December  2002

Vol. 4, No. 12

Six Sigma and More: 
David Schwinn has more to say about purpose

by David R. Schwinn

Last month's column seems to have gotten your attention:

'You are absolutely right!  Six Sigma is to quality what surgery is to healthcare. '
'A life without a larger purpose is a life where meaning is measured by a dollar sign rather than by personal satisfaction and the pleasure of helping others to grow. '
'The sole motivation of (the corporation) is pursuit of profit now regardless of the human cost. '
These remarks and others caused me to reexamine the corporation's fiscal responsibility to stockholders. I took a little harder look at The Divine Right of Capital: Dethroning the Corporate Aristocracy by Marjorie Kelly (San Francisco, Berrett-Koehler, 200l, pp. 52-54). The book calls stockholder primacy a myth:
'The myth (first articulated by the courts in the mid-1800's) found its most forceful articulation in the 1919 Michigan Supreme Court case of Dodge v. Ford Motor Co., which established that, A business corporation is organized and carried on primarily for the profit of the stockholders. The powers of the directors are to be employed to that end.' ---To this day,' as George Washington University law professor Laurence Mitchell has written, Dodge v. Ford remains the leading case on corporate purpose.' '
But here's the rest of the story. According to Kelly, this case is common law and 'common law can be overturned in a heartbeat. State legislators could simply create stockholder statutes that, for example, give directors leeway to serve the interests of the employees and the community. '  So it sounds like stockholder primacy is fundamental, but it doesn't have to be that way.
Why can't corporations serve the economic interests of a broader constituency?  I believe, for example, that the most powerful mission a for-profit firm might be the creation of jobs. Another purpose might be to efficiently and effectively transform resources and create products and services customers want. Companies could develop and sustain the long-term viability of the communities in which they operate. Something must, in fact, drive profit. Maybe it could be service to constituents.
Organizations are, after all, social systems. Jamshid Gharajedaghi (Systems Thinking, Woburn, MA, Butterworth-Heinemann, 1999, pp. 56-59) suggests that social systems do much more than create wealth. Specifically, they engage in:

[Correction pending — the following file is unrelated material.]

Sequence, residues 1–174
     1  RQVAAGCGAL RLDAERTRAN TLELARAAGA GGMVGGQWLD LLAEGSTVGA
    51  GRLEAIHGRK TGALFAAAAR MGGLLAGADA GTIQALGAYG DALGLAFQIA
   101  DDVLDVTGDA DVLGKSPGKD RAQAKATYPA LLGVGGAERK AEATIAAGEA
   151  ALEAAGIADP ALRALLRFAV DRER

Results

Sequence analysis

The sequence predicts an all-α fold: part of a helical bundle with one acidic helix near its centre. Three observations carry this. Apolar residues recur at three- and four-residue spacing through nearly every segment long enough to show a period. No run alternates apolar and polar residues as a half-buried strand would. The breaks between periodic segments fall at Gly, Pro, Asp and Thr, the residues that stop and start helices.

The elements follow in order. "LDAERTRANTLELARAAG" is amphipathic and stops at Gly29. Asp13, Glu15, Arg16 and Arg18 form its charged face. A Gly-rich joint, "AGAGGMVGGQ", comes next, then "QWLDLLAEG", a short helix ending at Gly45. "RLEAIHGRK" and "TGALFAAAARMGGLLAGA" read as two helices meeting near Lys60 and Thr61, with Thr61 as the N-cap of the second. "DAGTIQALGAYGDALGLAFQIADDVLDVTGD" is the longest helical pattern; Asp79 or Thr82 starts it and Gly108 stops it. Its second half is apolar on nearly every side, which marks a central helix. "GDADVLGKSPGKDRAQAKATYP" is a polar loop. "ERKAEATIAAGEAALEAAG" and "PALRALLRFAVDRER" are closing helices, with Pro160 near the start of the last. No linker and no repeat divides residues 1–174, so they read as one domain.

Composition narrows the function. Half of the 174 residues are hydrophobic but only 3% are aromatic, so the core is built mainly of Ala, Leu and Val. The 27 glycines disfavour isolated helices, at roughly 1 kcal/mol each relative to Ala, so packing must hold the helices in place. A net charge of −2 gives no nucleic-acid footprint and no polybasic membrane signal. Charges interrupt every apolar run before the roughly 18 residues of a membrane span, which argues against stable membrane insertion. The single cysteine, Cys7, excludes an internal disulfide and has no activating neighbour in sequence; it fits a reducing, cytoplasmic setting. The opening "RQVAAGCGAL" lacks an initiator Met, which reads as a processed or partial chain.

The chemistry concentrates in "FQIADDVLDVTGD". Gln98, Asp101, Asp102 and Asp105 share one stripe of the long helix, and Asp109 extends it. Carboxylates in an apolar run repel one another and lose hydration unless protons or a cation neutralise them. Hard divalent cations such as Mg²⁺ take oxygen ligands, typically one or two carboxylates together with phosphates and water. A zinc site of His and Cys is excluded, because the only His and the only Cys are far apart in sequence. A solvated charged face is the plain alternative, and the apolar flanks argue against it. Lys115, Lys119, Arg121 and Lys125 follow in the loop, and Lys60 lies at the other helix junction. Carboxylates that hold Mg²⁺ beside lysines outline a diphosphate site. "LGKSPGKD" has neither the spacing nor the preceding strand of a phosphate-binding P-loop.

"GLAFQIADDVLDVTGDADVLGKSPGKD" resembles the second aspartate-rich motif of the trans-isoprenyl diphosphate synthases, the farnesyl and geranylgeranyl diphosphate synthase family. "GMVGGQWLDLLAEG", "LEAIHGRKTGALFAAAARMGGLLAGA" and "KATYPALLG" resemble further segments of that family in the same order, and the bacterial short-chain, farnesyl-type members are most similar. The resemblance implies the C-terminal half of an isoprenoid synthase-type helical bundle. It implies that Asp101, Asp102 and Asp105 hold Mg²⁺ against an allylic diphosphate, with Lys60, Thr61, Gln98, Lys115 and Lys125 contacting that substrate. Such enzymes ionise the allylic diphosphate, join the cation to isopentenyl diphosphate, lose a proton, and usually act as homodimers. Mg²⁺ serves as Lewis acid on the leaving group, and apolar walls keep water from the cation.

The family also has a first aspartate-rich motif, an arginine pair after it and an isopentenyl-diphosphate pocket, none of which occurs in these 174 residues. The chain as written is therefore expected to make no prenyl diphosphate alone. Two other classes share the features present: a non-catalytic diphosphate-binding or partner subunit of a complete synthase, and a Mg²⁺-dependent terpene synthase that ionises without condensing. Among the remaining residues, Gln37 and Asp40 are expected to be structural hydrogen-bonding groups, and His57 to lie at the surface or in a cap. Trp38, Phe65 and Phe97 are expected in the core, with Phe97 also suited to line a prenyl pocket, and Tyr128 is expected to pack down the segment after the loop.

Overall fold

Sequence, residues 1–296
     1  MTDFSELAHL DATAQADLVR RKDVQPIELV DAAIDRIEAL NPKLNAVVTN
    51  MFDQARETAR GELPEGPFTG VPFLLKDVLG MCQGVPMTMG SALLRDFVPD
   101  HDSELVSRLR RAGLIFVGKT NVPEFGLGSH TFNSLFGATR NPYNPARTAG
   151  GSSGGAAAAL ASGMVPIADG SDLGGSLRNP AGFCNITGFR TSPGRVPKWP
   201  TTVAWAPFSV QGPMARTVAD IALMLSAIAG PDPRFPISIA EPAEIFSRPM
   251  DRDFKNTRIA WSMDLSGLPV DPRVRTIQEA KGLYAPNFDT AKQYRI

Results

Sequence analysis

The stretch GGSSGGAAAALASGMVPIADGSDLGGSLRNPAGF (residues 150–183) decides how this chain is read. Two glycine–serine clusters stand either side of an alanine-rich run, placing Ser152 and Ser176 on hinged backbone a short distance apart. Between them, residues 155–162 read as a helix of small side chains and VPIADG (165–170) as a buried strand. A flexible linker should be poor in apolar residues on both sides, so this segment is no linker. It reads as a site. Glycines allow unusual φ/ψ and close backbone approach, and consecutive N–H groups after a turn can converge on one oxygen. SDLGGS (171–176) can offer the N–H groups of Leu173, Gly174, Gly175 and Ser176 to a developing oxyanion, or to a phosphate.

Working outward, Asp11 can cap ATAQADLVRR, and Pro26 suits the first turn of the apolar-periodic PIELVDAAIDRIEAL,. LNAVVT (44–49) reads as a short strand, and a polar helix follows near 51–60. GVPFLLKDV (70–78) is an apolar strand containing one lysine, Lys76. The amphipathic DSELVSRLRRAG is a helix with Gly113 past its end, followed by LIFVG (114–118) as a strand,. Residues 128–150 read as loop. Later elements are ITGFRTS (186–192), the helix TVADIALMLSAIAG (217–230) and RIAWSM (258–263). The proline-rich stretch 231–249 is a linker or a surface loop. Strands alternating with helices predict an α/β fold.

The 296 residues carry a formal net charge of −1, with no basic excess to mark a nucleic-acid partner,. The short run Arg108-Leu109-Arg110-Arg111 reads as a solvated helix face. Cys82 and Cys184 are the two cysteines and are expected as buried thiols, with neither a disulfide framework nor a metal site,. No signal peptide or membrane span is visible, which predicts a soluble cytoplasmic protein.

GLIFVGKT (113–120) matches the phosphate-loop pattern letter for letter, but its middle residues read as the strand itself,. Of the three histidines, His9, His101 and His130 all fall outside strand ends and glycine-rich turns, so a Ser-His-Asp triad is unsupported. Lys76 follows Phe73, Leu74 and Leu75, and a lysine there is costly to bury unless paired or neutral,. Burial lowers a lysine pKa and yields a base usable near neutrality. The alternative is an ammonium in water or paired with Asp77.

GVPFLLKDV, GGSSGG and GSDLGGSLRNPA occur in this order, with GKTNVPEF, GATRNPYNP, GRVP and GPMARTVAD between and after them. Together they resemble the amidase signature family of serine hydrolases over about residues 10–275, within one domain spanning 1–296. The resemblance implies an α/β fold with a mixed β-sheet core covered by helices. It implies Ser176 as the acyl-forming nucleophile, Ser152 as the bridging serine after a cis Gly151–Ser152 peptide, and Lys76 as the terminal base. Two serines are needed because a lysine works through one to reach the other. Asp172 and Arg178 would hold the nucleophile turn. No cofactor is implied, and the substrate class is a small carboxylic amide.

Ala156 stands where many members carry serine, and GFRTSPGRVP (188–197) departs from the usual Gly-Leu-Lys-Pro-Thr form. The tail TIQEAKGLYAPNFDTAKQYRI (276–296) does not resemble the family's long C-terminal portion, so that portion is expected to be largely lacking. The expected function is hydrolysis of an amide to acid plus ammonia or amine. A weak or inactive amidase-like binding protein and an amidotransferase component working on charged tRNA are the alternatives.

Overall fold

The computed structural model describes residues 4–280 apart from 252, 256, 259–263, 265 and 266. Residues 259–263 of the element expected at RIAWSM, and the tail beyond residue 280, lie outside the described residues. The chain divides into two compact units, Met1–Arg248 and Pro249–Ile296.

• The generation and distribution of wealth, or the production of necessary goods and services and their distribution.
  • The generation and dissemination of truth, or information, knowledge, and understanding.
  • The creation and dissemination of beauty, the emotional aspect of being, the meaningfulness and excitement of what is done in and of itself.
  • Formation and institutionalization of values for the purpose of regulating and maintaining interpersonal relationships, cooperation, coalition, competition, and conflict. 
  • Development and duplication of power, the questions of legitimacy, authority, and responsibility or, in general, the notion of governance.

Social systems are made up of people who partner with other people to serve other people. Of course, it is more complex than that but maybe it's more simple than that, too. On our wall at home hangs a poster with a photo of babies from around the world. It reads:  'Hello babies. Welcome to Earth. It is hot in the summer and cold in the winter. It's round and wet and crowded. At the outside, you've got about a hundred years here. There's only one rule that I know of, babies: God damn it, you've got to be kind. ' (Kurt Vonnegut, Jr.)
Maybe it is just that simple and just that complex. Vonnegut, a humanist, certainly has got some serious support for his view:
Hurt not others with that which pains yourself. Buddhism
Do unto others as you would have them do unto you, for this is the law and the prophets. Christianity
Tzu-Kung asked:  Is there one principle upon which one's whole life may proceed? '  The Master replied, 'Is not Reciprocity such a principle? what you do not yourself desire, do not put before others. '  Confucianism
This is the sum of all true righteousness
Treat others, as thou wouldst thyself be treated.
Do nothing to thy neighbor, which hereafter
Thou wouldst not have they neighbor do to thee. Hinduism
What is hurtful to yourself do not to your fellow man. That is the whole of the Torah and the remainder is just commentary. Judaism
Do unto all men as you would wish to have done unto you; and reject for others what you would reject for yourselves. Islam
Sounds like kindness to me. So when we rethink the purpose of our Six Sigma efforts, maybe we should rethink the purpose of our organizations. The bottom line doesn't have to be the only line.

As always, please send me your reactions, comments, and questions. You can reach me at:

Copyright 2002 PQ Systems.

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